Ronn recommends purchasing the most energy-efficient heating system possible. Electric resistance heat is cheapest, or you can go with a hydronic (in-floor heating) system.

None of Vereco’s homes have air conditioning – it’s just not necessary.

Minimize the Cost of Heating Water
There are several steps you can take to minimize the amount of energy (and money) invested in supplying your home with hot water:

1. Low-flow showerheads and low-flow taps reduce hot water usage by 40%. A slightly smaller bath tub saves an additional 25%.

2. Insulating the hot water heater and the connecting pipes helps prevent heat loss.

3. Using cold water when washing clothes is another energy-saver.

Choose Energy-Efficient Lights and Appliances
LED lights are energy efficient and supply a nice light.

Lots of windows (the Turnquist home has a small window in the walk-in closet as well as in the shower) provide natural light, minimizing the need for artificial light.

It’s important to purchase Energy Star appliances, but you also want to make sure that they have a good rating. “Your fridge is working all the time so focus on that,” Ronn says.

If you do a lot of cooking and baking, keep in mind that a Vereco home is very well insulated and will warm up. An induction cooktop generates less heat. Braden and Ali chose to install a double oven. They use the small top oven most of the time, which generates very little heat.

Reuse Energy
Vereco homes are airtight so you need to ensure a good flow of air at all times. The air entering the house in winter is cold, but a heat recovery ventilation system will pre-heat the air coming into the house using the heat from the air exiting the house.

You can also install a drain water heat recovery system so that energy from waste shower water going out of the house is used to heat the water that is going into use.


Use Renewable Energy
Using alternative energy sources can be an expensive way to save energy so this is one of the last options in Vereco’s energy-saving toolkit. All Vereco homes have conduit built in so that the home can easily be outfitted with solar electric and solar thermal systems in the future. Ronn advises Vereco clients to monitor their energy use for a year before they install alternative energy systems. “They’ll probably be surprised how little energy their Vereco home uses,” Ronn says, “and then they can properly size their investment in alternative energy.”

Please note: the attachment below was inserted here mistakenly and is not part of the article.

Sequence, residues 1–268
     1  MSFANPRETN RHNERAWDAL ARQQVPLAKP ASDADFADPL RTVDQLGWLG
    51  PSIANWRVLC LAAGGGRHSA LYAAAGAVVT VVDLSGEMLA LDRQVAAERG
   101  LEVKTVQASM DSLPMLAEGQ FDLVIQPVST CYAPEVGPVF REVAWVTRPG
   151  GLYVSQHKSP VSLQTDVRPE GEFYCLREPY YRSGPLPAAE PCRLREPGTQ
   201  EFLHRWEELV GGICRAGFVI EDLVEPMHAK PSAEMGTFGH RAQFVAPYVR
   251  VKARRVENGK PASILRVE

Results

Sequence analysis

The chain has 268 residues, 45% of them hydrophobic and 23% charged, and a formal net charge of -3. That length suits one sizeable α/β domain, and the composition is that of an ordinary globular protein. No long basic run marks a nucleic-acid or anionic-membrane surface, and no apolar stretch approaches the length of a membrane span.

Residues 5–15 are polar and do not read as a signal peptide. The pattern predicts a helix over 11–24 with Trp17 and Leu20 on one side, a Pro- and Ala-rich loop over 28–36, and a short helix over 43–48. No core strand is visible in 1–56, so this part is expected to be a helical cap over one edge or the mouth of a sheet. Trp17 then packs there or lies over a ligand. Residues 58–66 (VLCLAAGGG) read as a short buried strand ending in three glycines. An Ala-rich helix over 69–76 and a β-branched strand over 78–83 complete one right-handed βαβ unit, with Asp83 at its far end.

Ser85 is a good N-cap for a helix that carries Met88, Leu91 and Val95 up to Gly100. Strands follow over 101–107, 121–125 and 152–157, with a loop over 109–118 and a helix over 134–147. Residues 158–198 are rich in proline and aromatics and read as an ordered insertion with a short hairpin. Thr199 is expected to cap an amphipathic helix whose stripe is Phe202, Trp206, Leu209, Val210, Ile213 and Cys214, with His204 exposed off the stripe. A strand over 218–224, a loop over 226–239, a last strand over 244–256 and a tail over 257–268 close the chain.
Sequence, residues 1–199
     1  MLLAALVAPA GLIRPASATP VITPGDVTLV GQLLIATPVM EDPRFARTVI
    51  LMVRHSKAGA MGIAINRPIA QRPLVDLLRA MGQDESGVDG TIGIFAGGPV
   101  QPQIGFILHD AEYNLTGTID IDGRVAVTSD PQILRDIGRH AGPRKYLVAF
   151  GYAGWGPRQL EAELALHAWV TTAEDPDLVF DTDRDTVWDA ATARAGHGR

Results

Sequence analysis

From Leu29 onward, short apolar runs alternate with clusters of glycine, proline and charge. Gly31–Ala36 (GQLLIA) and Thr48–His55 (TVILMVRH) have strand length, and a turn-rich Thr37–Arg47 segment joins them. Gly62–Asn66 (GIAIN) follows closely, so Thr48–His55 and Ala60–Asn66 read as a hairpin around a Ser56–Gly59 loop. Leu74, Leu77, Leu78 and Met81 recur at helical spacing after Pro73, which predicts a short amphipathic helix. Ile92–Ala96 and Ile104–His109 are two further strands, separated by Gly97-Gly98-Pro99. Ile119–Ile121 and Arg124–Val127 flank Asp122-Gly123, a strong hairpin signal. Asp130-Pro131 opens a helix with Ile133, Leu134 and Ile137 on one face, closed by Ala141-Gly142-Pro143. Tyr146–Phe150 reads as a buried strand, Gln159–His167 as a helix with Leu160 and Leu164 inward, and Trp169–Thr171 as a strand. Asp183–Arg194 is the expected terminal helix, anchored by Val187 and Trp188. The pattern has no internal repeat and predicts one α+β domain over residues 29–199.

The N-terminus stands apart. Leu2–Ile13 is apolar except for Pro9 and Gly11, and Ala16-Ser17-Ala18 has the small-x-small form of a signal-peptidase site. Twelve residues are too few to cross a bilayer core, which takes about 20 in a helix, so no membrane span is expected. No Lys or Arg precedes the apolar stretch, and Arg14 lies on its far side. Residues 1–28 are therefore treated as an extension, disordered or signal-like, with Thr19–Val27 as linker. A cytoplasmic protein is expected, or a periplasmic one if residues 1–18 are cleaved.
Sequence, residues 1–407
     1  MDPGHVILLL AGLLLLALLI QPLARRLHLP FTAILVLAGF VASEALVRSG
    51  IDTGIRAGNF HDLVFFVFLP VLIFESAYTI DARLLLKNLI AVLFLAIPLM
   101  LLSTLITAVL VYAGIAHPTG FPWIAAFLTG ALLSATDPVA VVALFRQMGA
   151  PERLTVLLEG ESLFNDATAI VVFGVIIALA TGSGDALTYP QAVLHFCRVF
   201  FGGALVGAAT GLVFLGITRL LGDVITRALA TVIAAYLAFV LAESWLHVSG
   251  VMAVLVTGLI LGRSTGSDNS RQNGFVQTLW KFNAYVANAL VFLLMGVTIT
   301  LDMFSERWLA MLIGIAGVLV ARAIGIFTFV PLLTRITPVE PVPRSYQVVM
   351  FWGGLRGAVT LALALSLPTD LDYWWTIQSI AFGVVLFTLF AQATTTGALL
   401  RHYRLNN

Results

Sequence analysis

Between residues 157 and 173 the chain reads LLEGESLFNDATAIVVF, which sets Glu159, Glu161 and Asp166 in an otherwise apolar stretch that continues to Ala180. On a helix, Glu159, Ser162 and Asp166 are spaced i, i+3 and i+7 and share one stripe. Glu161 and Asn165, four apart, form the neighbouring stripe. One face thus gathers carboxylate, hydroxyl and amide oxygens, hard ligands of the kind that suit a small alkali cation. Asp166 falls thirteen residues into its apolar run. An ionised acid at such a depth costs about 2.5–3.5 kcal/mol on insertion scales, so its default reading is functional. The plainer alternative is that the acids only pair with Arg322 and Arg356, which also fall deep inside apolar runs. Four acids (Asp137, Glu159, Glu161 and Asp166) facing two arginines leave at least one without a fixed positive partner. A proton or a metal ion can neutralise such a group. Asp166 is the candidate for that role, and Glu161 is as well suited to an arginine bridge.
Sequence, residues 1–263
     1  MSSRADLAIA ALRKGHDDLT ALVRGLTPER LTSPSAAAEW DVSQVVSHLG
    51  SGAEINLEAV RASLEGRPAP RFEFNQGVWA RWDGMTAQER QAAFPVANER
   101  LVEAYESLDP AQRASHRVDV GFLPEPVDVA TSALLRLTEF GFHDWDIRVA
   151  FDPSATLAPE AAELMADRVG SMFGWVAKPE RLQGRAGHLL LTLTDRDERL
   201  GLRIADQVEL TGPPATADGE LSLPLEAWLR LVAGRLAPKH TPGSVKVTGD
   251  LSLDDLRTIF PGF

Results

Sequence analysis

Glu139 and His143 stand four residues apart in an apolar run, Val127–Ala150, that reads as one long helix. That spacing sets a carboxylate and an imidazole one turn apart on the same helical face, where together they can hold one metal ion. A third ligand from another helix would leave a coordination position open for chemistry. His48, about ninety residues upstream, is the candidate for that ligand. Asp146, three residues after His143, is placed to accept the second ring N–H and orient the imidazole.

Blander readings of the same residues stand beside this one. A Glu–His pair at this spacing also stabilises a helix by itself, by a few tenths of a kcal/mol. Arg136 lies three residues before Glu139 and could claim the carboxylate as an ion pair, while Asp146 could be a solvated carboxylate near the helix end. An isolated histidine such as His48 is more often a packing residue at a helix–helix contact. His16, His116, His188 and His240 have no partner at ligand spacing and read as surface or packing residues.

The price of solar panels has been going down, and Ian Loughran, an advisor to Vereco, believes that next summer will be a good time to put in solar. With net metering, solar electric panels equate to financial savings.

The Turnquists plan to install solar panels next summer and all the conduits are in place to make that an easy process.

The Vereco Option
Vereco’s energy-saving principles balance energy savings and cost. “We implement many energy-saving techniques,” Ronn says, “but always keep an eye on balancing the costs with the savings.” 

Vereco Homes provides a wide variety of design options, from large to small to very tiny and will work with you to develop a design that meets your family’s needs.

Photos of the Turnquist home were taken by Braden Turnquist

See Also:
Passive House: Comfortable, Energy-Efficient Homes
Solar Energy for your Home
Energy-Efficient LED Lighting

No comments:

Post a Comment